Cointelegraph spoke to Tim Draper at Arctic15 about how Blockchain and Bitcoin are changing everything in our lives, and also what the billionaire VC is actually doing with his thousands of Bitcoin.

Tim Draper is known for being the 'Nostradamus' of the markets with an incredible track record of correctly predicting the future. He loves Bitcoin, and in 2014 he predicted that the price per Bitcoin would hit $10,000 USD by 2018.

We met with Draper at Nordic startup event Arctic15 in Helsinki (where he was invited as a key speaker) to learn whether he was still as optimistic and enthusiastic about Bitcoin as he was back in 2014.

“There were plenty of opportunities to be depressed”, admits Draper. “When I bought Bitcoin, it was at this price and then it came down. I was thinking, “well, they just don’t get it yet”. But now they start to really get it.”

The future of Bitcoin looks bright

In 2014, Tim Draper bought a huge stash of Bitcoin auctioned by the government after seizing black market site Silk Road. On June 20 this year, Australia will auction $11.49 million worth of Bitcoins confiscated after the arrest of an Australian also involved in the Silk Road, and Draper says he might be interested. “I may do it”, he confirms, “I’ve got a lot and I will be back to it”.

According to Draper, Bitcoin is interesting because some really interesting things can happen with it.

He explains to Cointelegraph why Bitcoin is so good in his opinion:

“I think it is particularly good as an option value as more options happen in Bitcoin. It is good for stored value. I think the most interesting thing will be when people need to pay out dividends and you can just push one button and shoot out Bitcoin into a bunch of different wallets. Or you need to pay a royalty out like the Star Wars guys, just push one button, pick everybody’s Bitcoin wallet and go”.

He believes Bitcoin to be the dominant digital currency. Draper understands that some other coins can be more efficient but Bitcoin is a standard currency now:

“Just like http wasn’t the best technology it was still the best among others because everybody was using it. And if I had some other form of digital currency I wouldn’t really know whether I could trade it for fiat currency. But I know that with Bitcoin I can.”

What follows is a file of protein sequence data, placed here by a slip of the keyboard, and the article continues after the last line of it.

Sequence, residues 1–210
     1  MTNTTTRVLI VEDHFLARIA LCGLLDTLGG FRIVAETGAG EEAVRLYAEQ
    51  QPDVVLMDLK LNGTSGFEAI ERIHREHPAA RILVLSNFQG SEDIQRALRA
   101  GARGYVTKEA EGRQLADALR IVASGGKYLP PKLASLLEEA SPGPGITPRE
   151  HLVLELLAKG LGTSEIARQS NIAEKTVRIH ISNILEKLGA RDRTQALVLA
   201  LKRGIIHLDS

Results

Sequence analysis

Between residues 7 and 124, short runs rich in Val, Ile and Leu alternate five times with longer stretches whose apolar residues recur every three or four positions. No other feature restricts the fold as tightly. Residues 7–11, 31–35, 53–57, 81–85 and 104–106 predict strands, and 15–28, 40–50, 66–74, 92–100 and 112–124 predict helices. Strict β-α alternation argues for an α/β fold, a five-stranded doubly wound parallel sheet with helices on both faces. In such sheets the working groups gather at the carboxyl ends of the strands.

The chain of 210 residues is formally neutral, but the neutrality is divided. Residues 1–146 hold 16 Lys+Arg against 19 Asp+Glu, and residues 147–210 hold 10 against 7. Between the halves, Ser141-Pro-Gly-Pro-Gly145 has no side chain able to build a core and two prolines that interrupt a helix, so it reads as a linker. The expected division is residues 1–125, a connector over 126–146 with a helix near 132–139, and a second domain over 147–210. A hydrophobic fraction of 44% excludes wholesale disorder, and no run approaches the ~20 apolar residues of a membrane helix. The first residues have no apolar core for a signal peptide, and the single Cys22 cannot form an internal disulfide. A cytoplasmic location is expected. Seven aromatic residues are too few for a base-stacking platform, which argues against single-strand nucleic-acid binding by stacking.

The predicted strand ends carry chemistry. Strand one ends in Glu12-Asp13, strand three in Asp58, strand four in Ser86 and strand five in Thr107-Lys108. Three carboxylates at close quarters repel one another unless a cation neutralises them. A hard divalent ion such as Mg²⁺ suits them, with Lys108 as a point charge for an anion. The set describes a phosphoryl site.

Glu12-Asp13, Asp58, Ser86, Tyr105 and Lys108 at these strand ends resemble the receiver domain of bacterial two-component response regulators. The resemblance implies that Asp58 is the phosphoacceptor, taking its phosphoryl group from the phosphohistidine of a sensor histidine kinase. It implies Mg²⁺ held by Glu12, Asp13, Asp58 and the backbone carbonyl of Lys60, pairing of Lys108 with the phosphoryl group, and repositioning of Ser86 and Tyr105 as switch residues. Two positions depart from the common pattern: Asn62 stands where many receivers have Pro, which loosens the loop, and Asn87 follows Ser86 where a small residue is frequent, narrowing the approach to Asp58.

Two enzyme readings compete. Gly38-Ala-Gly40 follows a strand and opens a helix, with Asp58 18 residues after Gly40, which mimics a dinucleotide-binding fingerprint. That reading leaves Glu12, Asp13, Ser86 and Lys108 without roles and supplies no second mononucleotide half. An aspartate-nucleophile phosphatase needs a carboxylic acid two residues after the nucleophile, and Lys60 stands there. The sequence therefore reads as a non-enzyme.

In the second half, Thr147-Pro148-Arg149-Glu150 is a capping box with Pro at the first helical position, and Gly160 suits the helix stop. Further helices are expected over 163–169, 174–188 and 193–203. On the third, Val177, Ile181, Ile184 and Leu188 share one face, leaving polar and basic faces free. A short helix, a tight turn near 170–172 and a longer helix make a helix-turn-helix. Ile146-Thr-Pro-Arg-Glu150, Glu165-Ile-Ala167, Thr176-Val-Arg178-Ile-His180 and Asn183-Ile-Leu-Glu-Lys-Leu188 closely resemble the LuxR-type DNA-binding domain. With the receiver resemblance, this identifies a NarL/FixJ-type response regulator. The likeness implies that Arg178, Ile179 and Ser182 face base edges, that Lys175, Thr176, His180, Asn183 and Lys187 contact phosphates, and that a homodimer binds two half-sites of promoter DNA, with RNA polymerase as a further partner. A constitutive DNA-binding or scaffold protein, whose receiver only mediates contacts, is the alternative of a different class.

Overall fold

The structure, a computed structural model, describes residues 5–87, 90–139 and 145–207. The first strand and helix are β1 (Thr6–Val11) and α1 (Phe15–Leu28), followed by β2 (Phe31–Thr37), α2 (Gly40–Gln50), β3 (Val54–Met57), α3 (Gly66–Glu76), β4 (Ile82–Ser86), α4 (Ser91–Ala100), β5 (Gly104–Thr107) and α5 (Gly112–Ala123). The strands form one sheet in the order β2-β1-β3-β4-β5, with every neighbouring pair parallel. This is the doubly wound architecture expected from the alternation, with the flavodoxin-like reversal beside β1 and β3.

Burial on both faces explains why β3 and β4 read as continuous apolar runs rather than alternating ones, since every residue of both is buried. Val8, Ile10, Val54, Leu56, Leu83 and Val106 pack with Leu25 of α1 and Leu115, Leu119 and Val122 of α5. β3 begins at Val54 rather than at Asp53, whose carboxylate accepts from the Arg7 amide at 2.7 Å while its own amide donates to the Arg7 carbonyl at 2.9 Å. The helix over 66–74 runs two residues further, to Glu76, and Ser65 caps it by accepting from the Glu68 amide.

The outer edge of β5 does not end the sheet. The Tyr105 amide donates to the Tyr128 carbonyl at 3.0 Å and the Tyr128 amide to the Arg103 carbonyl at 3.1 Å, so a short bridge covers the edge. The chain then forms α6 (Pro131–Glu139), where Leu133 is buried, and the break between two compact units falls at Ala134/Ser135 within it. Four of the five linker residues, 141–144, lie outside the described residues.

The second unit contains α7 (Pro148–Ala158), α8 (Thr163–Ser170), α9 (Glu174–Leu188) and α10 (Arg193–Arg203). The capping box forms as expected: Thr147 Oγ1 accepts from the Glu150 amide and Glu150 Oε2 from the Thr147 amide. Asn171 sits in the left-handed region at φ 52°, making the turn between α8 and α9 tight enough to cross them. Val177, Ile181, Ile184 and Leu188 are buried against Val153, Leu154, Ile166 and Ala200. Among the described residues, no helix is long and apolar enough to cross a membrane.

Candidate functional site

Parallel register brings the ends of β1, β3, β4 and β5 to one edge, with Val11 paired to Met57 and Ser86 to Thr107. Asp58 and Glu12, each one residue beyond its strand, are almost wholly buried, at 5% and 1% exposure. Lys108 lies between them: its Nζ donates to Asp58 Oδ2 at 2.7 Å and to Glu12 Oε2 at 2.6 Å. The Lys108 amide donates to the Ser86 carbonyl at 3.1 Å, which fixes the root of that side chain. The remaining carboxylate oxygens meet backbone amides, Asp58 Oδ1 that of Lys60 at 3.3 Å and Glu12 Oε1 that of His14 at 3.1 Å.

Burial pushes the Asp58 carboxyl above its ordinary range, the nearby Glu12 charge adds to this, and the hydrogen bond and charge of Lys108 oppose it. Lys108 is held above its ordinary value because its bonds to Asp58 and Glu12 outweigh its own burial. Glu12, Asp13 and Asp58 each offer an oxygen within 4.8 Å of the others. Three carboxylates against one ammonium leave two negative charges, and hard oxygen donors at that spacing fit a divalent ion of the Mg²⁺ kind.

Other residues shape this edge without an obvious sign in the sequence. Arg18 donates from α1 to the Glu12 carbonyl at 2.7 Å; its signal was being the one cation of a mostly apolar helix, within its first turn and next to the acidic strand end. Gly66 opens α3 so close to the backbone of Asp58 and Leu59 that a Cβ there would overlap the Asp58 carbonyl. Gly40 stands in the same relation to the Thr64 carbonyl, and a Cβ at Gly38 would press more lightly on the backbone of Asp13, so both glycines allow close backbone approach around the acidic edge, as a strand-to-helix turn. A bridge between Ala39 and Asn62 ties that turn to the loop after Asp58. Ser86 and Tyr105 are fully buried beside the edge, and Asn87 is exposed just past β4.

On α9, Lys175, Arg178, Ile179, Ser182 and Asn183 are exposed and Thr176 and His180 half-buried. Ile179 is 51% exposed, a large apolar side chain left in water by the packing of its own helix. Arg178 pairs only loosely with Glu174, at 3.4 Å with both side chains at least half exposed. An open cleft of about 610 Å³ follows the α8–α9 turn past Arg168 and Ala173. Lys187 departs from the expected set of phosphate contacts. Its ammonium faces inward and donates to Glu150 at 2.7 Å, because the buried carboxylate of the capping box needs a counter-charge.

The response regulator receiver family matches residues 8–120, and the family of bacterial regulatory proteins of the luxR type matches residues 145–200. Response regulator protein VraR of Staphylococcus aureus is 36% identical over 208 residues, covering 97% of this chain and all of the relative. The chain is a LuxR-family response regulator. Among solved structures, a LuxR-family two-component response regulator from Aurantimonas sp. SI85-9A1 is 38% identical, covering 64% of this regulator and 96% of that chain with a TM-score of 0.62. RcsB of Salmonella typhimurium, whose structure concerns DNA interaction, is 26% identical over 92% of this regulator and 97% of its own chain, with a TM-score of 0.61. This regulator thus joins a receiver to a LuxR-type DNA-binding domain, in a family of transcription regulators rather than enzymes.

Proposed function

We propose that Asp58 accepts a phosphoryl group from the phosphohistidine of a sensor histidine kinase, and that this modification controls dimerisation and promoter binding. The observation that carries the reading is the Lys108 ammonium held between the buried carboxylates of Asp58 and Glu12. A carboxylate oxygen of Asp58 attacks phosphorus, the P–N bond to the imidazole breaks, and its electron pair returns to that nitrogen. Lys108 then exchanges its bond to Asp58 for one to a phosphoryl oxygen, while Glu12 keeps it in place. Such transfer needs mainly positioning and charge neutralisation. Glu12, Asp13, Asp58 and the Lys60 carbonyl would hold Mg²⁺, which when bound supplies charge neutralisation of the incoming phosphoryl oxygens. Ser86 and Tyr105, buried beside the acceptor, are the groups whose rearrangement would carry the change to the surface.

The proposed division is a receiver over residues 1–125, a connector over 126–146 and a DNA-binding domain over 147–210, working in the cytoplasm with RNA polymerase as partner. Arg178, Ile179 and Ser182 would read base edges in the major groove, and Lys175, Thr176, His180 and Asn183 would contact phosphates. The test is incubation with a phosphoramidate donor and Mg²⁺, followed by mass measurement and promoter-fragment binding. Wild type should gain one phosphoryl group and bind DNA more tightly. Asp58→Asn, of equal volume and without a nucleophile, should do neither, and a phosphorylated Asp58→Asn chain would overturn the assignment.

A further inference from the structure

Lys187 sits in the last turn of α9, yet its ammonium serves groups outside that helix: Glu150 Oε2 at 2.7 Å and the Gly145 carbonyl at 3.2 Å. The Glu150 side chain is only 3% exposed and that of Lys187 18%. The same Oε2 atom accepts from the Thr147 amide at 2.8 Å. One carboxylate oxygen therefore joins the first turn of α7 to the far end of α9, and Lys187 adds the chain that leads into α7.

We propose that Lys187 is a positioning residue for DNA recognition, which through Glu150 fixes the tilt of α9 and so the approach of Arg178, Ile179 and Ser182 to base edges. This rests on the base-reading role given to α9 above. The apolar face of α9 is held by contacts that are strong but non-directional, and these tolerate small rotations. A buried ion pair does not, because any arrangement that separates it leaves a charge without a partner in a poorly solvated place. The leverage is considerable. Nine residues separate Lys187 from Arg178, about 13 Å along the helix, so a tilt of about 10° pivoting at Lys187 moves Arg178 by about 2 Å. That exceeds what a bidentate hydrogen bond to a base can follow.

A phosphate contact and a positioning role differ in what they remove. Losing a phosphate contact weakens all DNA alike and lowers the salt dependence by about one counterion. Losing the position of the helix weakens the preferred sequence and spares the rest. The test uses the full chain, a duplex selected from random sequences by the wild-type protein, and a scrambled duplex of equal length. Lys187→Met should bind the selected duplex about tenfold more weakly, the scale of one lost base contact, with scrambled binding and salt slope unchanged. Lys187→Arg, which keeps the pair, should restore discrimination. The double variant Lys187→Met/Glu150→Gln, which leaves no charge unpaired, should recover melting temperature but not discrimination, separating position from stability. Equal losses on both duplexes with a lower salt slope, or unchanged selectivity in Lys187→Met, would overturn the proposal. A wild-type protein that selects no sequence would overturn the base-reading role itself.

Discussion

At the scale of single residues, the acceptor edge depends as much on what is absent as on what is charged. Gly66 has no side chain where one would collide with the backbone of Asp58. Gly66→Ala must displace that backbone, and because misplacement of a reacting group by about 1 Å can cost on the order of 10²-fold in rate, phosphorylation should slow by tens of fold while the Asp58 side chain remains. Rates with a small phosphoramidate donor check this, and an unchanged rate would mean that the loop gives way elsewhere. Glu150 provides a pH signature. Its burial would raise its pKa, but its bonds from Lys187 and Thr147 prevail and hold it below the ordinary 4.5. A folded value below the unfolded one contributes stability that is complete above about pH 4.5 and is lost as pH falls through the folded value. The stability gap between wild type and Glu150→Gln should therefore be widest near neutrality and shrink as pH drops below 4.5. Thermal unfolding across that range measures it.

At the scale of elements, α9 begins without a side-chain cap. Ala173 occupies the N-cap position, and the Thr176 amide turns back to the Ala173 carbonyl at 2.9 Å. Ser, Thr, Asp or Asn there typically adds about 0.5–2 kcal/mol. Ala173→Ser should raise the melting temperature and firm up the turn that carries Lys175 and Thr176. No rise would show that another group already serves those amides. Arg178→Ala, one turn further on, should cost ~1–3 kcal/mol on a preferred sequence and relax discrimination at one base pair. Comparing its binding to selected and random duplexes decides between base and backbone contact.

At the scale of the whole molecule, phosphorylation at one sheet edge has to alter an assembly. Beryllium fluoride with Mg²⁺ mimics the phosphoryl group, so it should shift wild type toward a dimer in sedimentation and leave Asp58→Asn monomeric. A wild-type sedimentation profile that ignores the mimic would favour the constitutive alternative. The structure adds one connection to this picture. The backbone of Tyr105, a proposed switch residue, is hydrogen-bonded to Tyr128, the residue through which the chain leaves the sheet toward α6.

Of course, there will be other currencies beyond Bitcoin that are the future of money, Draper explains, but it is hard for him to imagine that we are going to have a bunch of fiat currencies out there in 10 years:

“I think it’s going to be all virtual currency. Probably, most of it is going to be Bitcoin and then there will be people around who’ll say “I have this coin and that coin” but mostly it’s going to be Bitcoin.”

Tim Draper

Blockchain as the perfect bureaucrat - paying basic income in Bitcoin?

Universal basic income has become a hot topic in the last few months as Swiss voters reject by a wide margin a proposal to have it granted to all citizens. Finnish and Dutch pilots are set for 2017.

"For centuries this has been considered a utopia, but today it has not only become possible, but indispensable," Ralph Kundig, one of the lead campaigners and president of the Swiss chapter of the Basic Income Earth Network, said.

Tim Draper goes even further by making this utopia even more utopian - he suggests paying the basic income in Bitcoin:

“Some governments are starting to talk about basic income for everyone. And they can easily do it by giving everyone a Bitcoin wallet. Every week or every two weeks you could give them their basic income.”

Or is it really that utopian? Daniel Straub, the initiative’s co-founder, argues that a basic income would free people up to do important work that is currently not incentivised by markets, such as care and climate change research. It could also lead to higher wages for unloved and low-paid “dirty work”.

According to Draper, Blockchain technology could help make this plan a reality:

“Blockchain is the perfect bureaucrat, it’s the perfect government official. It’s incorruptible, it’s fair, it’s honest. It just gets the job done. It’s the most efficient thing ever.”